New Delhi: Can a person who has no family donor be allowed to advertise to get a volunteer for a kidney transplant?
This is a question on which the Delhi High Court today sought the views of the government.
The issue was raised by a patient who drew the attention of the court that in case of celebrities, media attention makes it easy for them to get volunteer donors, but common citizens do not have a right to avail the benefit of advertisements.
Justice Sanjeev Sachdeva, who is seized with the matter, asked the Ministry for Family Health and Welfare to look into various aspects of the transplantation of kidney raised by the petitioner.
The judge also sought the views of the National Organ and Tissue Transplant Organisation (NOTTO), the apex centre for registry, procurement and distribution of organs and tissues and the All India Institute of Medical Sciences (AIIMS) on the plea of the patient who has narrated his ordeal of 15 long years.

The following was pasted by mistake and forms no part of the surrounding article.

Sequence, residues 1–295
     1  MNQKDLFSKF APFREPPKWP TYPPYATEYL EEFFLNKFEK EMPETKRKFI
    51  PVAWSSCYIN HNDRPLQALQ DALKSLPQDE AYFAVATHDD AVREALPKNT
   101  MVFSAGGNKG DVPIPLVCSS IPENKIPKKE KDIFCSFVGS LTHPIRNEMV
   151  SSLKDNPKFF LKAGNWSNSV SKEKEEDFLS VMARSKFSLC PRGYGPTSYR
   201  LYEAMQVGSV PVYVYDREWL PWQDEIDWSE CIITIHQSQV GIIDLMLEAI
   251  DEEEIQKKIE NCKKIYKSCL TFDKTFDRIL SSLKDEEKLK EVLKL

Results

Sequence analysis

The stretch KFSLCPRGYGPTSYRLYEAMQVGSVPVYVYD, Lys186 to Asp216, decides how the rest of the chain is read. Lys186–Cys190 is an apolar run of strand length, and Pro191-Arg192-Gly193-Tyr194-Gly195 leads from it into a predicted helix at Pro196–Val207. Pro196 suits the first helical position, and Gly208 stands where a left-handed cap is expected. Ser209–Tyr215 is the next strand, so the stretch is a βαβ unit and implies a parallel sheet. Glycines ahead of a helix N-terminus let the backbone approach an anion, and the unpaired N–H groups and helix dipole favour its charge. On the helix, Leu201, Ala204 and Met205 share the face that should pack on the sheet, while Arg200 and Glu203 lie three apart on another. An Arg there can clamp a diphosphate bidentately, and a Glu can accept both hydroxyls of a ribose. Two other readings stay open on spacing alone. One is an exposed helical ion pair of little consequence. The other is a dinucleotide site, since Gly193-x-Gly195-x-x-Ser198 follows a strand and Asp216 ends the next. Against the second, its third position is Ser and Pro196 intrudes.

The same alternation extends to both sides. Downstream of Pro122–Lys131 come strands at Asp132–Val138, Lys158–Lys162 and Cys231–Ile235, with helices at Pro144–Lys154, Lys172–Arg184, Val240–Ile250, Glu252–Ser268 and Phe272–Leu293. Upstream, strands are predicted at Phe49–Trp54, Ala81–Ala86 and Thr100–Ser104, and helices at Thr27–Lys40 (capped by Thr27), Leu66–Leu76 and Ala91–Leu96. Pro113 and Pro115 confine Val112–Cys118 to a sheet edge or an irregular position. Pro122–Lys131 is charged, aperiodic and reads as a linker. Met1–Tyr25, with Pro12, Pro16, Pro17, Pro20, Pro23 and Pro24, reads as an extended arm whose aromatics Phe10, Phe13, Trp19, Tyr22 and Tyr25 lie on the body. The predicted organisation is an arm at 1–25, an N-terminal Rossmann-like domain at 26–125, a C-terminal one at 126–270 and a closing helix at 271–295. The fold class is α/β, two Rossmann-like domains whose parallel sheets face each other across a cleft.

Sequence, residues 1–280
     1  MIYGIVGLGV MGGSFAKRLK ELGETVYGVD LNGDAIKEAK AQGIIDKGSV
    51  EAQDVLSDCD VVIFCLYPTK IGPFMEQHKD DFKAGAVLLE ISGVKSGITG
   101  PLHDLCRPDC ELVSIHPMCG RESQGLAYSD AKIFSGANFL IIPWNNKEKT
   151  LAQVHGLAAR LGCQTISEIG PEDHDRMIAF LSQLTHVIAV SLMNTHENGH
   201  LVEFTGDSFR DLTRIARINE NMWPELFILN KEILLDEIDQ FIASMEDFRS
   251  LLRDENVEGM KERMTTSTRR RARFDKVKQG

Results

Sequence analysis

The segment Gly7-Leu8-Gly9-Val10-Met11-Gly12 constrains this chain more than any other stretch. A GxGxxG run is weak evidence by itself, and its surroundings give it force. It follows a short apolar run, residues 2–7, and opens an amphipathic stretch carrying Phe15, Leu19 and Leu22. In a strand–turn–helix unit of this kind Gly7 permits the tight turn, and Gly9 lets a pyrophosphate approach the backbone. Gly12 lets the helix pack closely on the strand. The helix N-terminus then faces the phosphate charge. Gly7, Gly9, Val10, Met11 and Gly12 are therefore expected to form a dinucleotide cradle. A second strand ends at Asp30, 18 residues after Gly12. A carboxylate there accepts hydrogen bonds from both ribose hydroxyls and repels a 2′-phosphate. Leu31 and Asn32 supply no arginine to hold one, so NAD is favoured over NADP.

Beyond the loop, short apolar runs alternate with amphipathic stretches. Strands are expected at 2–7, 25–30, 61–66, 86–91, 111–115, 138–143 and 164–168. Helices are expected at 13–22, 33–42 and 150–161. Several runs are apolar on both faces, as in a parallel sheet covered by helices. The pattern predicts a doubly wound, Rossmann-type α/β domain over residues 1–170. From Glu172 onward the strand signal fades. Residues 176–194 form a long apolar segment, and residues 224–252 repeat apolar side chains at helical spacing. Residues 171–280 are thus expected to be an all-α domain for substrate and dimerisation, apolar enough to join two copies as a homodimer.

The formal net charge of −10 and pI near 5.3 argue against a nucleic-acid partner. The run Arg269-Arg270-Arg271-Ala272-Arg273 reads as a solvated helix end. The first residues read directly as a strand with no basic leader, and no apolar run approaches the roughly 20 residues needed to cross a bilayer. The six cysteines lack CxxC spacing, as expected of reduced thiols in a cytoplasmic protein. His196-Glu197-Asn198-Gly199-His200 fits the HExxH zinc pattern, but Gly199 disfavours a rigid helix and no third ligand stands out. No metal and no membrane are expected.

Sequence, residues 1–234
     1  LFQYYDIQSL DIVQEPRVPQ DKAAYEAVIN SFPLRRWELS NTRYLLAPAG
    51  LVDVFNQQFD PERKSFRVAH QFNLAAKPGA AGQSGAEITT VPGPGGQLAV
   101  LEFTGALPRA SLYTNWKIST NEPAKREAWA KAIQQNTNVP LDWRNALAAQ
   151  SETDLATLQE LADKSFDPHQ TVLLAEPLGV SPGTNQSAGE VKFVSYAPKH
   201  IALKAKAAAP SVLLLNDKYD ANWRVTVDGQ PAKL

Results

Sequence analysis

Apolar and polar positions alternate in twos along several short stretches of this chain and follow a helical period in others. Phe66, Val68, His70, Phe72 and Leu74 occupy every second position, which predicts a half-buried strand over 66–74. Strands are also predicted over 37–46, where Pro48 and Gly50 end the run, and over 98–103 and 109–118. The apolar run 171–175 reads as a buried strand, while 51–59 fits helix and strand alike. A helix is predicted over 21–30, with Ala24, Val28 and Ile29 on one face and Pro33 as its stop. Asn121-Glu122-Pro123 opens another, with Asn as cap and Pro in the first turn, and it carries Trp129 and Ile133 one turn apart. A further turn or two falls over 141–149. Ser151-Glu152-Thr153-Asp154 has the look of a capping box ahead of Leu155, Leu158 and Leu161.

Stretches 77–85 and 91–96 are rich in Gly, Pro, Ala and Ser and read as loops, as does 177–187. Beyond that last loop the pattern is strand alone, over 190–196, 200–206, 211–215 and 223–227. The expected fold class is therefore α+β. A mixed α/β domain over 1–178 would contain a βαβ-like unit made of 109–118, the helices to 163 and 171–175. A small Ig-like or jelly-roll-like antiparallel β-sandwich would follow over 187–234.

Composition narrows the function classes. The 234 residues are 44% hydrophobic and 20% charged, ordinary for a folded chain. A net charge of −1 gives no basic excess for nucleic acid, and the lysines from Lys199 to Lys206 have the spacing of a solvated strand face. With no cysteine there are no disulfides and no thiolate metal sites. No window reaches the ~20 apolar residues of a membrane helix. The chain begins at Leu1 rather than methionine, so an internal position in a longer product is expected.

The response of NOTTO was sought as the patient has prayed for scrapping of the body which maintains a registry of donations and transplantation of organs and tissues.
The patient, Vinod Kumar Anand, lost his kidneys and the one donated by his wife due to renal problems.
During the hearing, the court asked the patient's advocate, Ashok Aggarwal, to explore the possibility of kidney exchange between his family and that of someone else who also required the organ.
Kidney exchange or 'swap' is a simple barter system in which a swap pair consists of a recipient (patient) and a donor (a family member).
A swap transplant involves an exchange of organs between two families, who cannot donate the organ to their own family member because of a blood group mismatch.